i used my $40 dtv converter box coupon

kirk and i have an hdtv, but it’s an older model and doesn’t have a built-in tuner. it’s just a monitor. so without paying for cable, we’ve never been able to get a television signal. no cable, no signal, no tv. and since we dropped cable about a year ago, the only things we’ve used the tv for was netflix rentals and playing with the wii.

with the upcoming broadcast conversion from analog to digital, the government is providing $40 coupons to buy a converter box. my tv doesn’t have a tuner, so i wasn’t sure if it would work or not. what the hell, right? so i sent off for my $40 coupon, and used it to buy the converter box. total price was $60, so my net cost was $20. i bought an indoor amplified antenna as well, for $40, so total out of pocket expense was about $60, or half the price of one month of cable.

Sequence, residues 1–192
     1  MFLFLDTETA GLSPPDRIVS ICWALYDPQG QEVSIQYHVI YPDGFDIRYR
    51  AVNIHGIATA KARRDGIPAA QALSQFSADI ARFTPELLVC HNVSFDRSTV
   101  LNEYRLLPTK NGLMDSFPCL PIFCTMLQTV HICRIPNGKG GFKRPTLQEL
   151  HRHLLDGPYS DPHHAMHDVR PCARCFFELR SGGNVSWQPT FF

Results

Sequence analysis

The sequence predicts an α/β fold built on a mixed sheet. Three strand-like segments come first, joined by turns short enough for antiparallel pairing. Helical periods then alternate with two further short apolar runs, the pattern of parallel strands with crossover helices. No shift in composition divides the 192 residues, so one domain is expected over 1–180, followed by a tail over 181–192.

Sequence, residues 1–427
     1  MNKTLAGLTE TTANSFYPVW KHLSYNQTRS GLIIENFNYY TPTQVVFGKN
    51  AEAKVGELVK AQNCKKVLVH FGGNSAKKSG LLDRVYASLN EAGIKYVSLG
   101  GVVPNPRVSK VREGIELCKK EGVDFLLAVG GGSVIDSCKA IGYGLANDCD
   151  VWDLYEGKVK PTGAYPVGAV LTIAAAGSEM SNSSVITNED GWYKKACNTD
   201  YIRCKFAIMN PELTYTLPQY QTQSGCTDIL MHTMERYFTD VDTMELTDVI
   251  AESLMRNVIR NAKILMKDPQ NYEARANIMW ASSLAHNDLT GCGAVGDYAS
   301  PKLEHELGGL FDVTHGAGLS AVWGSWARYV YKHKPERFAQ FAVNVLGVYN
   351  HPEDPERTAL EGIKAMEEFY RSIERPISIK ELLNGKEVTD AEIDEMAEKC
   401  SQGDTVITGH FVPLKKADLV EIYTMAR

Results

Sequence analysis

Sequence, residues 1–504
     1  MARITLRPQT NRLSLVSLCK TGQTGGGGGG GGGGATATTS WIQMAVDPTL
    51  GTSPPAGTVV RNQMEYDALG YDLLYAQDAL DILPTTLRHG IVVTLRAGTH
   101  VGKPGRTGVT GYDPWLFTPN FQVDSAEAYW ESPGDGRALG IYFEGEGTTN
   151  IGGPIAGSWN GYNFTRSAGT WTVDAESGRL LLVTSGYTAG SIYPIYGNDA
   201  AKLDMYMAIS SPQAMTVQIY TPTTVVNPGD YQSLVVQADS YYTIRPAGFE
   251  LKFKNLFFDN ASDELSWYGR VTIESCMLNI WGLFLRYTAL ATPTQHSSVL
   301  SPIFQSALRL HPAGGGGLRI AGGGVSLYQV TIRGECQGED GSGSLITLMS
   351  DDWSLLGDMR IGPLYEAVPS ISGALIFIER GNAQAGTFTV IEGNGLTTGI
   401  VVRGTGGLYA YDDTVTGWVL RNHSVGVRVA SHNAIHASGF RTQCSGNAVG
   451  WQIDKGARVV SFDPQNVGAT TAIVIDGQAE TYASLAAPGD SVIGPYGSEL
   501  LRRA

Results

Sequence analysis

hooked it all up last night. i figured if it didn’t work, i’d take it all back. no harm, no foul.


it all works brilliantly. not only do i have television, but the converter box has widescreen capability, so the digital picture fills in the entire widescreen. it’s not true hd, but the resolution is just fine — comparable to watching a dvd, probably. and the indoor amplified antenna pulls in 21 stations. some you’ll never watch — there’s one channel that’s just a cam set up in times square, some spanish-language stuff, and what-not, but for a one-time $60 payment i can now watch the networks and other local stations. and there’s great sound coming from my stereo and a great digital picture on my hdtv.

i’m still not going to watch that much tv — i like not knowing who flunked the lie detector when asked questions about their wife, or if i’m smarter than a fifth grader, or whatever. but i can watch the news, and keep up with the election, and whatnot, and that’s a good thing.

thanks, government. you got it right this time.